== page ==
Stokowski had just turned 9 when the bulk of this concert from Albert Hall was recorded (the Novacek item is from ten years earlier). He retained is control and style, and the only sign of age was a tendency to rush, as if to make sure the audience knew how vigorous he remained. In every respect the program is a revisit to strength -- Stokowski had always been a master at Ravel and Vaughan Williams. Because of his famous string sonority, based on free bowing, it's no wonder that the Fantasia on a Theme by Thomas Tallis is as rich as warm butterscotch. But there's also good rhythmic control, so the long melodic lines never become droopy or soupy. The only flaw is that dynamics remain on the same, fairly loud plane, neglecting the rise from hushed softness to climactic grandeur that shows the work off at its best.
In Ravel Stokowski never attempted to imitate the French; he has his won coloristic style, bolder and brighter. The pure Gallic idiom belongs to Martinon and Monteux, and Karajan extracted unbelievable refinement, but Stokowski's Rapsodie espagnole has more inner life and drama than either.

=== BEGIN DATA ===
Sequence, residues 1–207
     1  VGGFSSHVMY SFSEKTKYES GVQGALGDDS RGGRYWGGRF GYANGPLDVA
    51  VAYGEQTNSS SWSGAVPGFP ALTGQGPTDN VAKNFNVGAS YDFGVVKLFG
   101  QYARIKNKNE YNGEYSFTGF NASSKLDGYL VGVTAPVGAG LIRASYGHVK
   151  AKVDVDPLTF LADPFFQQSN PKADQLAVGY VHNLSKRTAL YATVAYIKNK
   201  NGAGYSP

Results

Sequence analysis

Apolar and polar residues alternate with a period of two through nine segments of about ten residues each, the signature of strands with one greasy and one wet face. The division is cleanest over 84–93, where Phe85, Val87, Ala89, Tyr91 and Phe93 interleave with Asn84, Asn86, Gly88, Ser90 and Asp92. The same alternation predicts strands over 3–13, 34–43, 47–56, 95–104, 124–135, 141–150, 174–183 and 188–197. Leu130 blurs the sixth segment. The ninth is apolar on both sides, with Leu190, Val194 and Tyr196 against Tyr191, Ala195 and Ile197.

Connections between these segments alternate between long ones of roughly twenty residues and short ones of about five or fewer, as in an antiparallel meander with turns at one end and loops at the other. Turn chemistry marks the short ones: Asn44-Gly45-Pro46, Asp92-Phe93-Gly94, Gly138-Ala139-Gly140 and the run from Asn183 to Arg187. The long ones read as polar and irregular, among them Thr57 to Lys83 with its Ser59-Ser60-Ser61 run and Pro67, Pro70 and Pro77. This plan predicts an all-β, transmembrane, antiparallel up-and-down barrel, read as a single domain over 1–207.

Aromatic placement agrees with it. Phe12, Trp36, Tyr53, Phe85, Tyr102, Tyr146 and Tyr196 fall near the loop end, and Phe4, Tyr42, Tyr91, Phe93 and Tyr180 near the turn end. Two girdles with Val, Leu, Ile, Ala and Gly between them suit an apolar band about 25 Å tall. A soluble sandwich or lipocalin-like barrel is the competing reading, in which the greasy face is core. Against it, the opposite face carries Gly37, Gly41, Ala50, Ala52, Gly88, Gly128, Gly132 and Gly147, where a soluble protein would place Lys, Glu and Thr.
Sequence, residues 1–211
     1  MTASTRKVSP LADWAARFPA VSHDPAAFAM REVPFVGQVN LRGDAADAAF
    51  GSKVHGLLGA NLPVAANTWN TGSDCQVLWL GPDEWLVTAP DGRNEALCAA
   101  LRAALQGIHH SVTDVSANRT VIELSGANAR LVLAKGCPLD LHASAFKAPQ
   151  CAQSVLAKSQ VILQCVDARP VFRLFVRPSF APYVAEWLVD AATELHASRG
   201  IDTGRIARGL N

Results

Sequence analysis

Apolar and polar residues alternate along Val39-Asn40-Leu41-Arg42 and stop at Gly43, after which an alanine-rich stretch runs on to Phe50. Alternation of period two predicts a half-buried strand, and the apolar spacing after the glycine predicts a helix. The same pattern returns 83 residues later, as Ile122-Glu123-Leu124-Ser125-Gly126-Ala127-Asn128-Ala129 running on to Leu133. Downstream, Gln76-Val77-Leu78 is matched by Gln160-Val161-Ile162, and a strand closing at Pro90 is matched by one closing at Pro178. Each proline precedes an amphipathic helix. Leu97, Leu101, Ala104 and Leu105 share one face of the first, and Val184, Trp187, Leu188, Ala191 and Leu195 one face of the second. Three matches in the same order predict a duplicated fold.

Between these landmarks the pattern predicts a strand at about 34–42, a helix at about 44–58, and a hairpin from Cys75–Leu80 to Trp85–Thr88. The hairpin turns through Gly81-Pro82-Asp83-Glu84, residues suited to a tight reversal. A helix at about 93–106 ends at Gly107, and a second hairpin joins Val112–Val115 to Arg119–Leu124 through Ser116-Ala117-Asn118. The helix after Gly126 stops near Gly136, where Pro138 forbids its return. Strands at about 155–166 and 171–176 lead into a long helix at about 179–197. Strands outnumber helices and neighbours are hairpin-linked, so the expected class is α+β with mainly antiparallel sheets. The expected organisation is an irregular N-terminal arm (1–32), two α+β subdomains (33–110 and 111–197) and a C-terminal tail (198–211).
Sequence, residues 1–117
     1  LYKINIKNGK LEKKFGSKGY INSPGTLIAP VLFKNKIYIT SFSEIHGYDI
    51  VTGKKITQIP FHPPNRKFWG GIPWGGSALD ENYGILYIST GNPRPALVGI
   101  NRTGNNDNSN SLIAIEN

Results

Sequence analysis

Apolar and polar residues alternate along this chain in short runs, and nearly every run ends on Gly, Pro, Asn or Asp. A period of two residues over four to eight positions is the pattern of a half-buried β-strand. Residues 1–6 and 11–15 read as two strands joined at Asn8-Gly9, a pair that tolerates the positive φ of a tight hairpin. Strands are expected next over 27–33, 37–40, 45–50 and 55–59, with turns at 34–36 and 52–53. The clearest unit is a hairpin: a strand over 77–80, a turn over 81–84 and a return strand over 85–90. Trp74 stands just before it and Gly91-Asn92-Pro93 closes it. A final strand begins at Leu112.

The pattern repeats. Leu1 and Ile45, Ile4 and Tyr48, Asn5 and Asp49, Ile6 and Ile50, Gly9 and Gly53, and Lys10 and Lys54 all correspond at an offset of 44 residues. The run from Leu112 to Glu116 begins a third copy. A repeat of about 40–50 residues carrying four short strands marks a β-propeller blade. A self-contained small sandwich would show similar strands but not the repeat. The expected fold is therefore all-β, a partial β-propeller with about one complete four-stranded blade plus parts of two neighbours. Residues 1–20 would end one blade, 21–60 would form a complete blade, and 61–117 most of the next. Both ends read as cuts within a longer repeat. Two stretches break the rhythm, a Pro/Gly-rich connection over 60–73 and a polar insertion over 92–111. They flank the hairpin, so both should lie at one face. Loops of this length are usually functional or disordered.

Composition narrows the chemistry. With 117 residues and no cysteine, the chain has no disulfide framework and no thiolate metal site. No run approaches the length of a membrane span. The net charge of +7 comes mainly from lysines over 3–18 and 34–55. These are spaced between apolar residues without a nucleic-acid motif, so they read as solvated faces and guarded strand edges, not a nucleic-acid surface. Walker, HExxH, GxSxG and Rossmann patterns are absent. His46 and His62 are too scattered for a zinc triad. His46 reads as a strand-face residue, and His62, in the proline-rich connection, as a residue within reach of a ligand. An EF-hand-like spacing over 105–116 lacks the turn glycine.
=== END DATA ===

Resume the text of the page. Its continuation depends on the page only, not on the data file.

The detailed liner notes point out that Klemperer and Stokowski were poles apart as conductors, which hardly needs saying, but more surprisingly that the unbending, forbidding Klemperer admired the publicity hound and Disney movie star Stokowski. Klemperer was a composer, and his only semi-popular work, the cheerful, echt Viennese Merry Waltz, makes a touching start to the program, in tribute to Klemperer, who has died the summer before at 88.
The main work, the Brahms fourth, lies outside Stokowski's kingdom; he played the German classics but never made Mozart, Beethoven, or Brahms the center of fascination, and except for the Schumann Second, he avoided tht composer's music on disc. In his glory years with Philadelphia he was bold enough to pull Brahms in strange directions, but in general Stokowski was respectful. His arc rival Toscanini had set a fashion for quick, even hectic tempos, and this performance of the Fourth Sym. is in that mold, although Stokowski is more relaxed, even at high speed. The reading has plenty of vigor and extroverted energy but is short, perhaps, on careful phrasing and emotional depth. Happily Stokwski brings sweep and excitement to the finale, and one can't help but be touched, realizing that this was his next to last public concert. the last came a year later in Rouen when he conducted some of is signature Bach transcriptions. Valuable as a memento, this CD also captures in 78 min. a satisfying vision of Stokowski's art. The bBC's stereo sound is excellent, with a suggestion of the spacious reverberation heard in the immense London hall.